Nvidia plans to move to Multi-Chip GPU modules to scale past Moore's Law

Hmm, looks a lot like AMD's Infinity Fabric

Nvidia plans to move to Multi-Chip GPU modules to scale past Moore's Law

Nvidia releases paper presenting plans to create multi-package GPU complexes


Moore's Law has been showing down for quite some time, with progress towards next generation processing nodes slowing down while hardware makers and consumers cry out for bigger and more powerful hardware. 

Today companies are searching for ways to boost the performance of their products without the need for more advanced processing nodes or creating products that are almost unfeasible in scale. If hardware makers want to create bigger products moving forward they will need to think of a new way of scaling silicon to larger sizes, which is where technologies like AMD's Infinity Fabric come into play.  

Nvidia also wants to scale their products beyond the limits of silicon, with the company now researching ways to create GPUs that are a multi-GPU complex that will be able to act as a single unit and produce levels of performance that are higher than a single, "monolithic" GPU structure.

In a new collaboration between Nvidia, Arizona State University, the University of Texas and the Barcelona Supercomputing Centre, research is being conducted to create a GPU that is an MCM (Multi-Chip-Module), which can work together with fast interconnects to function as a single, grand scale GPU design.    

The advantages of an MCM are obvious, as it will allow Nvidia to scale beyond the limits of traditional silicon and create several GPU SKUs using the same building blocks. These individual components will be smaller and high-yield, which will also make the creation process of these new GPUs less wasteful and potentially more profitable.      

Right now, Nvidia thinks that an MCM-GPU would be able to produce performance levels that are within 10% of a hypothetical superscale-GPU with the same number of CUDA cores and memory bandwidth, a GPU that would be unbuildable without MCM technology.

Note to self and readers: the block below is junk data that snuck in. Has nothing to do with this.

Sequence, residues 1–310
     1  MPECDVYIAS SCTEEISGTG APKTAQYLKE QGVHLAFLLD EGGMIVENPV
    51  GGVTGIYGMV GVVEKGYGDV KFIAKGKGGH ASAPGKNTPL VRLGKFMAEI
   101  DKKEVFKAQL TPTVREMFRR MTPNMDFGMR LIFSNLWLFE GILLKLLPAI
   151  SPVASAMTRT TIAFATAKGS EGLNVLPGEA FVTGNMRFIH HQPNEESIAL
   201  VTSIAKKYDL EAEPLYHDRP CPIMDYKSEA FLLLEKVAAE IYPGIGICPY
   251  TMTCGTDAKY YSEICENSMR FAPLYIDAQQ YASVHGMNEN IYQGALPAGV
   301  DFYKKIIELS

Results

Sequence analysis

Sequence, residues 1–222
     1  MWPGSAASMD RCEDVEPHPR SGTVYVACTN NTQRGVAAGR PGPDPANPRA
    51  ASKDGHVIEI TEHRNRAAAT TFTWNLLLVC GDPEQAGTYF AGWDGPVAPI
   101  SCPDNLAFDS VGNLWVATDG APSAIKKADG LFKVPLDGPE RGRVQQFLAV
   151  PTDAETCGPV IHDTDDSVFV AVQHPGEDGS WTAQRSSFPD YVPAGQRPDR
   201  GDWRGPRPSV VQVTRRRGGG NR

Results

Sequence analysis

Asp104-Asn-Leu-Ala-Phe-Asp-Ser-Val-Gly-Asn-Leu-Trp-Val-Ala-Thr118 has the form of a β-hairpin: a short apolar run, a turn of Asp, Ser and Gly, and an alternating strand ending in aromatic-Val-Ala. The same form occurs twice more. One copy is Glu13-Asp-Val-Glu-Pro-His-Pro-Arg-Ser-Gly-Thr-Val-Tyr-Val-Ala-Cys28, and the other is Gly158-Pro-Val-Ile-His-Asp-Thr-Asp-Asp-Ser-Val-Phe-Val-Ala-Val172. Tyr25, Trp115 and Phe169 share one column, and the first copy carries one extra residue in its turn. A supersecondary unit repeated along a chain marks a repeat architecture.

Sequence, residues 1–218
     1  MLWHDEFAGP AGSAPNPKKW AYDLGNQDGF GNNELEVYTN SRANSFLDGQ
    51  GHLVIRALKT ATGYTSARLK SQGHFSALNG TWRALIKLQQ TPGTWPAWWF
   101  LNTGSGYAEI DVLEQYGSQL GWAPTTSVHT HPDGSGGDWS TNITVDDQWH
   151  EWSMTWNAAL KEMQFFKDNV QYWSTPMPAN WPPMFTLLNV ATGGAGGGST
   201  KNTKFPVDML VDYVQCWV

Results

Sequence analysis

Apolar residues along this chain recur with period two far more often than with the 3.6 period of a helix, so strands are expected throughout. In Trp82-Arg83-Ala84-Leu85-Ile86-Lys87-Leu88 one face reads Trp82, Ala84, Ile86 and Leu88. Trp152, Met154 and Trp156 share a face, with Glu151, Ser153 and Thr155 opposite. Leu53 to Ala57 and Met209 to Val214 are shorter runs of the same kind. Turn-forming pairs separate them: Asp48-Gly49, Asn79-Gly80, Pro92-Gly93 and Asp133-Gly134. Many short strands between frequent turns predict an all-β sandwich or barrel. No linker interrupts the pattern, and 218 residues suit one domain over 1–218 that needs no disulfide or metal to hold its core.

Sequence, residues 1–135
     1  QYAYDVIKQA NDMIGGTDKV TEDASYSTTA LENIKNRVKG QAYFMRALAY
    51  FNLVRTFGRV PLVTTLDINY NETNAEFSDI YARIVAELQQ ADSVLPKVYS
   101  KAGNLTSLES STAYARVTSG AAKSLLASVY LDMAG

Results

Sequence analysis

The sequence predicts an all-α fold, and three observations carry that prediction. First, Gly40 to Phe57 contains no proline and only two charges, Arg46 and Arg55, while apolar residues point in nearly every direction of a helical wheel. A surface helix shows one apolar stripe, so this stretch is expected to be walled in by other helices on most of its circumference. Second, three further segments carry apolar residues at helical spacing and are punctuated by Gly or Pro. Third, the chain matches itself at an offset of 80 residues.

To address this need, in this paper we demonstrate that package-level integration of multiple GPU modules to build larger logical GPUs can enable continuous performance scaling beyond Moore's law. Specifically, we propose partitioning GPUs into easily manufacturable basic GPU Modules (GPMs), and integrating them on package using high bandwidth and power efficient signaling technologies. We lay out the details and evaluate the feasibility of a basic Multi-Chip-Module GPU (MCM-GPU) design.

We then propose three architectural optimizations that significantly improve GPM data locality and minimize the sensitivity on inter-GPM bandwidth. Our evaluation shows that the optimized MCM-GPU achieves 22.8% speedup and 5x inter-GPM bandwidth reduction when compared to the basic MCM-GPU architecture.

Most importantly, the optimized MCM-GPU design is 45.5% faster than the largest implementable monolithic GPU, and performs within 10% of a hypothetical (and unbuildable) monolithic GPU. Lastly we show that our optimized MCM-GPU is 26.8% faster than an equally equipped Multi-GPU system with the same total number of SMs and DRAM bandwidth.

Nvidia plans to move to Multi-Chip GPU modules to scale past Moore's Law 

Those of us who are well acquainted with the PC industry will be scratching their heads thinking "this sounds familiar", as this research from Nvidia does seem reminiscent of AMD's Infinity Fabric tech which allows AMD to create MCM-CPU complexes for their Threadripper and EPYC series CPUs. 

AMD has also implemented Infinity Fabric into their latest Vega GPU architecture, with their next-generation Navi-GPU hardware promising enhanced "Scalability", which suggests that AMD is ahead of Nvidia when it comes to creating an MCM-GPU. 

 

You can join the discussion on Nvidia's plans to create a multi-chip GPU complex on the OC3D Forums

 

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Most Recent Comments

04-07-2017, 16:09:59

NeverBackDown
AMD is easily ahead of the MCM design. I don't think you need to suggest that
They've done it on CPUs and GPUs (less of an extent here) and are much better (experience wise) at designing custom solutions. However AMD is still behind so Nvidia have time, probably nothing to be worried about tbhQuote

04-07-2017, 23:32:38

TheF34RChannel
Easiest way forward I suppose. Loving the core number!Quote

05-07-2017, 04:37:56

Radioman
success has many fathers, failure is an orphanQuote

05-07-2017, 05:34:45

Dicehunter
Quote:
Originally Posted by Radioman View Post
success has many fathers, failure is an orphan
Man who go to bed with itchy butt wake up with smelly finger.Quote

05-07-2017, 06:32:18

AlienALX
TBH we should have done this when Crossfire and SLi first arrived. We know now that scaling is good (up to 100% on Crossfire) so why we still have single cored GPUs is a mystery, when we now have like 40 core CPUs.

Having said that I don't think Nvidia have much of a choice. Navi works the same way, and Navi will inevitably end up in the consoles so the games will go in that direction with or without Nvidia.

The only thing that kinda annoys me is that these will be tiny little dies which are five and ten a penny to make, yet I know they will find a way to big it up and make it sound incredible and charge the earth for it.

It was a cracking idea by AMD, that's for certain. They are frugal with stuff like this and not wasteful, so the more working dies you get per wafer the less you lose.Quote
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